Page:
Blog by Sumana Harihareswara, Changeset founder
Hi, reader. I wrote this in 2007 and it's now more than five years old. So it may be very out of date; the world, and I, have changed a lot since I wrote it! I'm keeping this up for historical archive purposes, but the me of today may 100% disagree with what I said then. I rarely edit posts after publishing them, but if I do, I usually leave a note in italics to mark the edit and the reason. If this post is particularly offensive or breaches someone's privacy, please contact me.
Leonard and I have decided that we'll stay in New York City through the end of 2008. I'm now looking for a tech project management job in Manhattan or environs, so if you have a position or a lead please let me know.
Till now, I've been trying to concentrate on my master's degree and on some personal projects. One of them: learning programming basics, with an emphasis on Python. How am I to manage technologists if I don't have personal experience in at least the bare basics of their craft?
Surprisingly enough, van Rossum's Python tutorial is for people who already know how to program. I looked at a few introductions to programming for non-programmers and saw more than one recommendation (example) of How To Design Programs. It has more exercises than How to Think Like A Computer Scientist, and I already knew the basics of Scheme from my intro-to-intro-to-CS class at Berkeley. But I do want to learn Python, so I've implementing my exercise solutions mostly in Python, using IDLE, with a few stops in DrScheme for the cute GUI bits that make use of DrScheme's teachpacks. Thanks to my husband and to Magnus Lie Hetland, and of course the Python documentarians, for encouragement and reference material.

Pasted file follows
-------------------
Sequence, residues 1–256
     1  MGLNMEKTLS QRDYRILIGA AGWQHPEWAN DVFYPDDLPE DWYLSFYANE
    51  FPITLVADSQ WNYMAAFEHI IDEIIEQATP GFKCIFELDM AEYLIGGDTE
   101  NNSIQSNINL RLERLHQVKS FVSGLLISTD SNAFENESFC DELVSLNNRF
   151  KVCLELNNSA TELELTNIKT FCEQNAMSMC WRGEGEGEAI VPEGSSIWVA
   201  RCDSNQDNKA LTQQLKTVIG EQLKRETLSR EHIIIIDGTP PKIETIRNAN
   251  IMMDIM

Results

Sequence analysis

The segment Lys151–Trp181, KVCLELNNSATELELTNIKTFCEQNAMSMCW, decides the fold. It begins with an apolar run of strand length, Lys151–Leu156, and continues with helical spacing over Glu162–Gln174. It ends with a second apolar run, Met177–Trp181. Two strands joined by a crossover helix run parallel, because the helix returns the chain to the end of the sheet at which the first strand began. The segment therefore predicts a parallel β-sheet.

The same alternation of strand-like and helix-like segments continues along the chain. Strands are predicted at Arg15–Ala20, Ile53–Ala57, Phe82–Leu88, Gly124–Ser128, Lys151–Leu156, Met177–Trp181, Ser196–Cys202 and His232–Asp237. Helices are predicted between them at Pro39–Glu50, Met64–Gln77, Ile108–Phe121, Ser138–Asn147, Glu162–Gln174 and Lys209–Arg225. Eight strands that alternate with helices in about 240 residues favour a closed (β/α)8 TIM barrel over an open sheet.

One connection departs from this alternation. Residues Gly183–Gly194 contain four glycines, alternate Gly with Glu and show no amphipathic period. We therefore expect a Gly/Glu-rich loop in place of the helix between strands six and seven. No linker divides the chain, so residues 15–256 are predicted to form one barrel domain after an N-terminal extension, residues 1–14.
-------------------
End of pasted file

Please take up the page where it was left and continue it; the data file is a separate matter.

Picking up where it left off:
However, after the intro to data structures part of How To Design Programs, I began to run into more substantial burdens in the dual-language approach. I'm on functions that consume and produce lists now and haven't done much in Python for the last several weeks. So I'll be getting back into that in December. Being able to read and write code in some modern language is, after all, the point of the thing.
When I was at Fog Creek, Joel Spolsky helped me learn how to learn programming. It's not like history, he explained. When you read a how-to text, you have to do all the exercises and then some, playing around till you learn the abstractions by bumping into all their edges. So the abundance of exercises in HTDP is exactly what I needed.
I've also figured out how to focus and program for hours straight: turn off the Internet (I used lovely Unix toolness to How to Design Programs onto my laptop so I can read it anywhere) and sit with a friend who's also trying to focus and program. Michael Rehse and Fureigh have been great partners for this. Also good for general Sumana productivity: specific daily schedules, not just to-do lists, but task lists with time estimates.
With these career plans, I've laid out some tracks in front of me. Now I just need to stoke my engine.